Writing in the Dark

Writers often complain about finding more writing time in their day. As a retired teacher, I thought I would have endless hours to type on my laptop, scribble outlines into notebooks, or muse about new story ideas. Instead, my schedule filled up quickly. I have heard it said, and now understand: “I am busier now than when I was working full-time.”

So I returned to my old writing time. It’s hard to turn off the alarm at 5:00 am and jump out of my warm bed. I’m not working. Why would I get up so early? I’ll admit sometimes I’ve hit the snooze button and gone back to sleep. But when I got up and grabbed my coffee, I’ve never regretted it.

Early morning. The perfect time to write. It’s so quiet I can hear my brain work. My husband and dogs are asleep. No daylight beckons me to go outside. Too early to do laundry or mop the floor.

My mind is a blank slate, not yet overloaded with the day’s problems and responsibilities.

Ideas flow. Possibilities seem endless.

Getting up that early may not work for you. You may prefer the dark hours of the evening. But the idea is the same.

Find the quiet hours in your day and use them for writing. You will find there is great reward gained by writing in the dark.  

The Itsy-Bitsy Spider

Rain has been pounding on my roof all night. And most of yesterday. Today it’s going to be the same. I’m stuck inside my house, longing to stretch my legs and feel sunshine on my face.  

Storm after storm after storm. No chance to catch my breath.

I’m not the only one who’s gone through storms over this holiday season. Each person has their own storms to face. To someone else, my problems would only be annoyances. For me, as each problem piles on top of the next, it becomes mind-numbing.

Incessant rain. Grey, swollen skies that hold the day captive.

My creativity is held captive with the California sunshine. My hands hover over my laptop keyboard yet nothing is typed on my screen. Maybe the query rejections were right. Maybe writing a novel is too hard.

Maybe my story is not important.

My responsibilities come tumbling out like junk out of a woman’s purse. Days fill up with important tasks. People I care about need me. When things break, it takes time and money to fix them.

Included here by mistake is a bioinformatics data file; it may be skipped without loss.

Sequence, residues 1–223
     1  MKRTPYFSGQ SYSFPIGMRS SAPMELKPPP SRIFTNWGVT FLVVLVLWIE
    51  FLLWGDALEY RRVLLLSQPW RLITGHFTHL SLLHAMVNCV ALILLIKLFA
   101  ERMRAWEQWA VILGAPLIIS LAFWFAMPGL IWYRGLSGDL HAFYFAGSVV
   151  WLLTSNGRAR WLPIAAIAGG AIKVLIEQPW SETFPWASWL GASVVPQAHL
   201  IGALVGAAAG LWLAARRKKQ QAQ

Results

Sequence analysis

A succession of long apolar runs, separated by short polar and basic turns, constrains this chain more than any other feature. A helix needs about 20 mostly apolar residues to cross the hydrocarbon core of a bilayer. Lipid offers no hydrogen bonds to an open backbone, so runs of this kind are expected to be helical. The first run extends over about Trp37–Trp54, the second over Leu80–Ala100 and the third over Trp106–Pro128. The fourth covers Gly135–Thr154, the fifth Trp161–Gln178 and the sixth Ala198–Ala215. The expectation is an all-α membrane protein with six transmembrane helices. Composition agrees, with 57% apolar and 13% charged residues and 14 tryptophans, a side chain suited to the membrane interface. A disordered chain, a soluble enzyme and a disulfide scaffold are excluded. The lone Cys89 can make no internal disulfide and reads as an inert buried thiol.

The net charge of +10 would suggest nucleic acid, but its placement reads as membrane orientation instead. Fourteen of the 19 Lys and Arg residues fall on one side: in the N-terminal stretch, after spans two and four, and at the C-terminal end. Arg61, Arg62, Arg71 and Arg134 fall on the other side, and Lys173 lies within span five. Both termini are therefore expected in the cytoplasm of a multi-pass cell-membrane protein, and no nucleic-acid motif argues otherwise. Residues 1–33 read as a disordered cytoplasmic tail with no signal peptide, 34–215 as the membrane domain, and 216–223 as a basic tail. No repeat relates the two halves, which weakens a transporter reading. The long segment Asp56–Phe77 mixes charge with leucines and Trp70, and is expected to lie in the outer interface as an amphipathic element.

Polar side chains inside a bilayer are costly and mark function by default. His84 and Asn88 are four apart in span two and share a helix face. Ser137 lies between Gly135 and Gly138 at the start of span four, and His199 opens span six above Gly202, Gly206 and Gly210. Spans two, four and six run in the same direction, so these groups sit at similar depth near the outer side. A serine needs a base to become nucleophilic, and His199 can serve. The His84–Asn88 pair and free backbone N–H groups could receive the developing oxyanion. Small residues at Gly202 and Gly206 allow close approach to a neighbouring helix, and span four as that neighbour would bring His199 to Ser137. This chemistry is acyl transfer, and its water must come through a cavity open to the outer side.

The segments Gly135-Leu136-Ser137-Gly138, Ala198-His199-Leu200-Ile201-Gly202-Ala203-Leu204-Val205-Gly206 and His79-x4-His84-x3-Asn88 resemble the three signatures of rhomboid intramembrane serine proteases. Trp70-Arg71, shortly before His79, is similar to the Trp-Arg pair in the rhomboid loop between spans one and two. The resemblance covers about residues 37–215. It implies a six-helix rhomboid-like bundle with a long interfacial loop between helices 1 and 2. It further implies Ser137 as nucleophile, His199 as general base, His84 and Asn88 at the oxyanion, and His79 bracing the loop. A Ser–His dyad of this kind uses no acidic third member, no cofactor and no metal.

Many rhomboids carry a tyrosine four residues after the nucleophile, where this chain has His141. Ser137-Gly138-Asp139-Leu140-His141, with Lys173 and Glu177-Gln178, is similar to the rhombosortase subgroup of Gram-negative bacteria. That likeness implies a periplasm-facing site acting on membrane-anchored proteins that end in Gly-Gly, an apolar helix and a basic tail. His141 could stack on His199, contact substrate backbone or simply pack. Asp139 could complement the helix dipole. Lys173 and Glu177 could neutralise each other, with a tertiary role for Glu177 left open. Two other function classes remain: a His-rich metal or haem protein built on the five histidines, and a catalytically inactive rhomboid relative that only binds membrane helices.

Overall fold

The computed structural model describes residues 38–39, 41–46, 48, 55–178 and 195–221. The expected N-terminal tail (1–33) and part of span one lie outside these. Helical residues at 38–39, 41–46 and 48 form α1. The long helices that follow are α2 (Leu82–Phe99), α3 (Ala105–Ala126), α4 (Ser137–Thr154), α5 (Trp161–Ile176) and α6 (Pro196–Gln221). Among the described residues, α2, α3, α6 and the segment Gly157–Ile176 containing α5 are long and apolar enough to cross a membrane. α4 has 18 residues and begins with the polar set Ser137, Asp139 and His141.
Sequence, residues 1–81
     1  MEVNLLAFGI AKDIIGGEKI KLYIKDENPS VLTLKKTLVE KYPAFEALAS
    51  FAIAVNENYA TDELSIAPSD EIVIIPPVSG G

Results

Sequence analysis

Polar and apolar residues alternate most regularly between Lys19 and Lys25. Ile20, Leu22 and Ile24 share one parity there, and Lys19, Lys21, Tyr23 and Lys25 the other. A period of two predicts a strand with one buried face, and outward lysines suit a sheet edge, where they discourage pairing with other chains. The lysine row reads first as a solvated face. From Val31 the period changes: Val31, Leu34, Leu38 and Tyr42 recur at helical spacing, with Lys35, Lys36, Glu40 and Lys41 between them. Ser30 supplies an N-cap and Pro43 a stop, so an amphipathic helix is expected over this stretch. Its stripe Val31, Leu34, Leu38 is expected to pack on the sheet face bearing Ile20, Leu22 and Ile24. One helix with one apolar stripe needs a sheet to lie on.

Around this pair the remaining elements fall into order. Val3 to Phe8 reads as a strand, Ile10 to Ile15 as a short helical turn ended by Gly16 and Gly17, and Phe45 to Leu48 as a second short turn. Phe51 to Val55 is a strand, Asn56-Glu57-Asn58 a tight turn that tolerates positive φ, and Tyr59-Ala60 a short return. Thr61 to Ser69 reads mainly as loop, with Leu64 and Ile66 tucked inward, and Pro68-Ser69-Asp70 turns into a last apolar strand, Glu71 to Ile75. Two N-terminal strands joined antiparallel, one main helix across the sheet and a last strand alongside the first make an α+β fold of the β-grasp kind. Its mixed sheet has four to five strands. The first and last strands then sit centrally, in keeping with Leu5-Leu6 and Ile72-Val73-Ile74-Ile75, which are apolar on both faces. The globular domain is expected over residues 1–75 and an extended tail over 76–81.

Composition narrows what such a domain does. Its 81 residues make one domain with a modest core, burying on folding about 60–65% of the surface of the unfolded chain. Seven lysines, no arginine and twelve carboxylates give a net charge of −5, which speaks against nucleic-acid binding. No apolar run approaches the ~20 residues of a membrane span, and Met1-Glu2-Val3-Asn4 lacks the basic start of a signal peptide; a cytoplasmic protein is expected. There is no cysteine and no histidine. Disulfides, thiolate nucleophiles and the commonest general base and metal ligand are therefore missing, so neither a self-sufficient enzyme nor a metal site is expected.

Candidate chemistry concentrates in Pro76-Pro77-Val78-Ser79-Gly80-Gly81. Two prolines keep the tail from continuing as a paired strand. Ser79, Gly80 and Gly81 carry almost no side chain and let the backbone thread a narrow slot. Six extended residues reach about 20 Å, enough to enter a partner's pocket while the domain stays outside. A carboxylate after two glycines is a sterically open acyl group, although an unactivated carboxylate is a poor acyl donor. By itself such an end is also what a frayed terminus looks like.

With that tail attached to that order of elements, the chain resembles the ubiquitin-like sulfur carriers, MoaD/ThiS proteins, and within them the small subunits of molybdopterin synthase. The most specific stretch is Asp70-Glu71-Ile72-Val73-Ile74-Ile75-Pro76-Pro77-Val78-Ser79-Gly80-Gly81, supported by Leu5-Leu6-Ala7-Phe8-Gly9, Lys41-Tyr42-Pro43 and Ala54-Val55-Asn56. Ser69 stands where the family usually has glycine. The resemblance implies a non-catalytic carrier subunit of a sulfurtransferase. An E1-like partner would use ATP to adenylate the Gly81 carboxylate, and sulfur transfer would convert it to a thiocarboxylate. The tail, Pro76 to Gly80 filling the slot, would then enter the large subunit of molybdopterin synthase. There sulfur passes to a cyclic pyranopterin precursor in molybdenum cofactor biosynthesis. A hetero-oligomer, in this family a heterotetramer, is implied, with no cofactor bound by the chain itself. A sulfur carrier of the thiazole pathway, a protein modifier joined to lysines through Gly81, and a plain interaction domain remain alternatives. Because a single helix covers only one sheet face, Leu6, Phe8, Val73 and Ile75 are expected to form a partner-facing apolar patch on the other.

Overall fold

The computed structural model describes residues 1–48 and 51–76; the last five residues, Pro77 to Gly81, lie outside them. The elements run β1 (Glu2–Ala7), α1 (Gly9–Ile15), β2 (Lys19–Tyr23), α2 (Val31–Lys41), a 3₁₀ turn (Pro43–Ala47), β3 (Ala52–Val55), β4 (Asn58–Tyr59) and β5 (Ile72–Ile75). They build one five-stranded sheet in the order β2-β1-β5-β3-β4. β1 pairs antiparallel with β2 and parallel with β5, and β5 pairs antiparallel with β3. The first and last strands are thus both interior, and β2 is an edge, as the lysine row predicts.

Cars drive by my house, splashing up water from the gutters.

An email arrives. A short story I wrote last year was shortlisted for a fiction contest.

Silence catches my attention. The rain has stopped.

Maybe I can write a story that is important.

My hands fly over the keyboard. Characters, storylines, wonderful places flood my mind. When my stolen moments pass, the story takes hold in my mind and rests there, waiting for my next writing time.

Out comes the sun and dries up all the rain.

And the itsy-bitsy spider climbs up the spout again.

The dark season of waiting

It has been a great year for my writing. Four of my short stories were chosen for anthologies, both digital and printed forms. I now have an Amazon author page. Even though it was modest, I received my first advance paid for my writing. You would think this would create a happy bubble of encouragement.

But it’s also been a year of rejection for my novels.

For an author seeking traditional publishing, the first fortified gate I must scale is finding a literary agent. The querying process is a torturous process that offers little feedback except “you’re not what we’re looking for.”

I could self-publish, but it can be an expensive and grueling process for a mere peasant like myself. Some small publishers take queries from unagented authors, but again I find myself in the dungeon of waiting. As time passes like dripping water down the stone walls, the lack of answer becomes the answer.